Local Intensives. These are another short-term way to build your expertise. Very often, an artist will host a single class or a small number of classes in a local hotel, conference center, beauty salon, or commercial space. The topic may be broad ("how to apply makeup") or specific ("how to use airbrush makeup"). You can usually find upcoming classes on sites like Yelp, Meetup, Craig’s List, and Event Brite.

  • Positives: Intensives aren't really a big commitment, and they usually have a pretty reasonable price tag (some are less than a hundred dollars, and the most expensive ones we've seen are week-long ones for about $1,000). They're another great way to get introduced to the business side of makeup.
  • Negatives: Intensives don't happen all the time, and you may get stuck waiting for one to come to your nearest metropolitan center. And, the better you get, the less likely it is that an intensive will actually teach you something you don't know.

So, which is the right option for you? That depends! If you'd like to become a full-time freelance makeup artist, a makeup school or a beauty school is probably the best option. If you want to be able to work in salons and spas (and that kind of work will provide you a LOT of career security), then a cosmetology school is definitely your best bet. If you're just looking to pick up a little bit of knowledge because you love makeup and it's a great hobby, the private lessons and intensives are the way to go.

Makeup Artist Schools in New Mexico

How Artists Are Licensed​

Most people know that in order to become hair stylist, barber, esthetician, or manicurist, you need to get a license. But what about professional makeup artists? Do they need a license?

We consulted the New Mexico Board of Cosmetologists website and we couldn't find any laws or forms that discussed the makeup arts. Here's how we believe it plays out:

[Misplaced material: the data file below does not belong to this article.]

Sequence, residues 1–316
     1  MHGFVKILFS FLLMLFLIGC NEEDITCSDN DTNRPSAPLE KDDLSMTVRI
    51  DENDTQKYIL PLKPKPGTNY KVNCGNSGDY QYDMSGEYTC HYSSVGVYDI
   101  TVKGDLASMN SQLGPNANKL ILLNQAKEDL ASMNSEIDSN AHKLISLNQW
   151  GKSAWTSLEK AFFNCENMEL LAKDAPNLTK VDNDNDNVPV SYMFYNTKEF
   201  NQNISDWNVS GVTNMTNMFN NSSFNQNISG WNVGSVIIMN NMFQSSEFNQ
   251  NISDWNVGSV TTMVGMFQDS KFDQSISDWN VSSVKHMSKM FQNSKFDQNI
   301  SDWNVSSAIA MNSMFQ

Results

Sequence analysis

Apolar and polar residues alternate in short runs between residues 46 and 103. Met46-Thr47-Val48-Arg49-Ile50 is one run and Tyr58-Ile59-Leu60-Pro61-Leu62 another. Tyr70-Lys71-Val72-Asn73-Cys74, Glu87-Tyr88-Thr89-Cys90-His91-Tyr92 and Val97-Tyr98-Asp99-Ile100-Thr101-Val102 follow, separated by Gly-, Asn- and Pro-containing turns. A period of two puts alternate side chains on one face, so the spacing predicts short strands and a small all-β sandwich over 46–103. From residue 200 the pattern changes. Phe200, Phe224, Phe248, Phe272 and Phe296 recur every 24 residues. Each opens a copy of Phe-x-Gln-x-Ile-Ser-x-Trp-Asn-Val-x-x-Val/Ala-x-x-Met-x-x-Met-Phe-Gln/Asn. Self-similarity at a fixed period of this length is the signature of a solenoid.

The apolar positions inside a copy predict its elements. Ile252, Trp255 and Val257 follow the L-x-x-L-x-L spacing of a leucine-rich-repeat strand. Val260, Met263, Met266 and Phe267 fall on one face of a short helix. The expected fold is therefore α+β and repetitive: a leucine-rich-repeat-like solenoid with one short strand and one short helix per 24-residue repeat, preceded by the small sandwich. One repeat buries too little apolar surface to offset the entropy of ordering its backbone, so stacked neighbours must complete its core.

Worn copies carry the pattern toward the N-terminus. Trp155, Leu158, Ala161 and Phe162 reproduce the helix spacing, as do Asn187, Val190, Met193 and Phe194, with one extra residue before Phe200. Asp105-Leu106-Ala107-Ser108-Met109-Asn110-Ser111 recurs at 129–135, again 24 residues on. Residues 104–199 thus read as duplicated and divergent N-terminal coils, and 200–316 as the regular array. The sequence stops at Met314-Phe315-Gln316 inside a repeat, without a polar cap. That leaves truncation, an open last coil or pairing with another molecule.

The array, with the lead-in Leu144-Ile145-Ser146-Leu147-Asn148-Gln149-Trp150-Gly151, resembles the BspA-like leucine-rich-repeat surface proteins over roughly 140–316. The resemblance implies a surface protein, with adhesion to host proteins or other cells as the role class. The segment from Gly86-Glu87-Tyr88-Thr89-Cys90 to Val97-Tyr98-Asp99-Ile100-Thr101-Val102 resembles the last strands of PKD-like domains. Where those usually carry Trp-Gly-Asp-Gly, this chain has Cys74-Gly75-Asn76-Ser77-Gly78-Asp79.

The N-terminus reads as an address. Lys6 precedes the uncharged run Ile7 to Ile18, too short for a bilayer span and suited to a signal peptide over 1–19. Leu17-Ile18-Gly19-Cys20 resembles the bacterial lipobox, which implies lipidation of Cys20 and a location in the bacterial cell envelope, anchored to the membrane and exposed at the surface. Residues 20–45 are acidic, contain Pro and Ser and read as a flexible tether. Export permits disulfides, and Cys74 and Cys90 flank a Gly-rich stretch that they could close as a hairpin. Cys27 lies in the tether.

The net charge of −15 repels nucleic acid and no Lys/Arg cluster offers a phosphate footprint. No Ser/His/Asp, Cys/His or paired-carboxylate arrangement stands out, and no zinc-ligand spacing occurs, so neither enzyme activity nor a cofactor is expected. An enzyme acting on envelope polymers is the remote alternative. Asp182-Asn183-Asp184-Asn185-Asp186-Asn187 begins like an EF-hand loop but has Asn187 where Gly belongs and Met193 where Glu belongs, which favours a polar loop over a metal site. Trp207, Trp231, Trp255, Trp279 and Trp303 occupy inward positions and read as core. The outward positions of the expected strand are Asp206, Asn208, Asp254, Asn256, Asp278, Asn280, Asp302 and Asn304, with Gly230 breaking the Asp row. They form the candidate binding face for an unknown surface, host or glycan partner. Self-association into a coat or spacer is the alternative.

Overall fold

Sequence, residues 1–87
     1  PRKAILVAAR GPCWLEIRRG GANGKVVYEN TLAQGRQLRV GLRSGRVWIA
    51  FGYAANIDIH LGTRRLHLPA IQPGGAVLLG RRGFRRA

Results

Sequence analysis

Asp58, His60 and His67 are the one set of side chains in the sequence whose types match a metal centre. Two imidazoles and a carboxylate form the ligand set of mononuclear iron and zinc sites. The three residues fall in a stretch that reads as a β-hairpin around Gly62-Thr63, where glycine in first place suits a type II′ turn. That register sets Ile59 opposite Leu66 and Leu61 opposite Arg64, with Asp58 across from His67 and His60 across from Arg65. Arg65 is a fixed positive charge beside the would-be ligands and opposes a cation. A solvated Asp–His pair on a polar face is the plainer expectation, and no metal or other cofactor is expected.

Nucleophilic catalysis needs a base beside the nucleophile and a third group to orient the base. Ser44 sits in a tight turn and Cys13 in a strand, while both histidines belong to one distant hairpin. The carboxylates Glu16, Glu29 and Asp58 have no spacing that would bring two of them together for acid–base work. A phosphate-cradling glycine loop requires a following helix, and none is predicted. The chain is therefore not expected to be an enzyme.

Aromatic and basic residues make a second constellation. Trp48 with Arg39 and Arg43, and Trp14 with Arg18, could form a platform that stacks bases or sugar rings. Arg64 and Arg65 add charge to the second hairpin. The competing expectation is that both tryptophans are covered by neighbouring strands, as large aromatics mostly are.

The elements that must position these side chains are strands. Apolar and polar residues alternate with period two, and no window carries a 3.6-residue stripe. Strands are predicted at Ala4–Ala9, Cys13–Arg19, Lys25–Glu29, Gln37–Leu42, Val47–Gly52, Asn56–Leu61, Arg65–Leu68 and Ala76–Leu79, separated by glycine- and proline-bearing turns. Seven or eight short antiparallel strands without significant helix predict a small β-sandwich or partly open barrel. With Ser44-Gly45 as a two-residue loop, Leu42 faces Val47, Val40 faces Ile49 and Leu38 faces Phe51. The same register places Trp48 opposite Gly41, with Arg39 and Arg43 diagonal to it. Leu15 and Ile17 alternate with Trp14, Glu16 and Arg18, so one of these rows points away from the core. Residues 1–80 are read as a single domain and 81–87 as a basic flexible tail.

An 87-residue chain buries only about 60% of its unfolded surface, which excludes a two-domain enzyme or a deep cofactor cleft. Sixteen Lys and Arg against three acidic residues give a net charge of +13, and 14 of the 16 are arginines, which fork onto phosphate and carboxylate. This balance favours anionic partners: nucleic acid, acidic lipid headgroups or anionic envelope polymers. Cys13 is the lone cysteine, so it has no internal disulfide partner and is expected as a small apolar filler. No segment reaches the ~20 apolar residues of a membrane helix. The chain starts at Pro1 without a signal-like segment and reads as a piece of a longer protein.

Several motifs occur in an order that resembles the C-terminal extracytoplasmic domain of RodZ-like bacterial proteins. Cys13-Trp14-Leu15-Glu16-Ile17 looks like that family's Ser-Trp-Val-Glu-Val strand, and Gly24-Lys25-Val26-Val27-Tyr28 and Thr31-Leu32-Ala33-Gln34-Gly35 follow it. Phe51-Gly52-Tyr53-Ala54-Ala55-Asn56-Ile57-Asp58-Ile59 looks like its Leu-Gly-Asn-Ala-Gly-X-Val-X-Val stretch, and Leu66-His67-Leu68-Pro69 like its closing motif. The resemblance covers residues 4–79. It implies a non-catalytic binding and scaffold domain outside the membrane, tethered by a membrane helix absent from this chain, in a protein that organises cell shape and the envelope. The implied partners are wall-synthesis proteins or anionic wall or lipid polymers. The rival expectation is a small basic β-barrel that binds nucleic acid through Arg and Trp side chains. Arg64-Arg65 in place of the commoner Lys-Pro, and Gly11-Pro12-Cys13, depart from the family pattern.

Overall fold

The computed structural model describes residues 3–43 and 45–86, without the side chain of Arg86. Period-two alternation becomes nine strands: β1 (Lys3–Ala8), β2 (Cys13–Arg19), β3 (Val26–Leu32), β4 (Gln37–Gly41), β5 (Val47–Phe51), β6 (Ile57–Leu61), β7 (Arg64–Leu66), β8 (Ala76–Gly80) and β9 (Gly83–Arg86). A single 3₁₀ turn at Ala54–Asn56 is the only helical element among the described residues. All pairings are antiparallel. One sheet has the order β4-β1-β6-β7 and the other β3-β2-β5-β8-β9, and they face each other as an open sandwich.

If you plan on being a makeup artist on a *freelance* basis--that is, if you want to work on models, musicians, actors, performers, brides, etc. on a freelance basis and not in a New Mexico beauty salon or New Mexico spa--then it doesn't appear that you need a license. This also applies to most makeup counters--most salespeople at makeup counters do not have a license.

If, however, you want to do makeup in a salon or spa, or work as any type of beautician in a salon or spa, then you'll need to get a cosmetology license from the state of New Mexico.

Should you have any questions, you should definitely reach out to the Board--they are the ones who enforce the state's cosmetology rules and issue beauty licenses--so you'll want to call them before making any career decisions.​

New Mexico Makeup Programs​

There are three fantastic makeup schools in New Mexico:​

The Vanity Makeup Studio
3205 Silver Avenue SE
Albuquerque, NM
(505) 710-6802

Callas Beauty Institute
1001 Golf Course Road
Rio Rancho, NM 87124
(505) 554-6537

Santa Fe Community College
6401 Richards Avenue
Santa Fe, NM 87508
(505) 428-100

There are also a number of great cosmetology programs you can attend to kick off your makeup artistry career:

The Aveda Institute of New Mexico
1816 Central Ave
Albuquerque, NM

Adorabella Beauty Academy
800 Juan Tabo Boulevard Northeast
Albuquerque, NM 87123
(505) 554-1053

Central New Mexico Community College
525 Buena Vista Drive Southeast
Albuquerque, NM 87106
(505) 224-3000

Toni & Guy Hair Academy
2201 Uptown Loop Road Northeast
Albuquerque, NM 87110
(505) 842-8767

Tony & Guy Hairdressing Academy
2201 Uptown Loop Road NE
Albuquerque, NM 87110
(505) 866-4489

Northern New Mexico College
921 North Paseo De Onate
Espanola, NM 87532
(505) 747-2100

University of New Mexico — Gallup Campus
705 Gurley Avenue
Gallup, NM 87301
(505) 863-7500

Vista College
850 North Telshore Boulevard
Las Cruces, NM 88011
(866) 442-4197

Luna Community College
366 Luna Drive
Las Vegas, NM 87701
(505) 454-2500

Razor Academy
4100 Southern Boulevard
Rio Rancho, NM 87124
(505) 896-3377

Southwest School — Cosmetology
1810 North Silver Street
Silver City, NM 88061
(575) 388-3000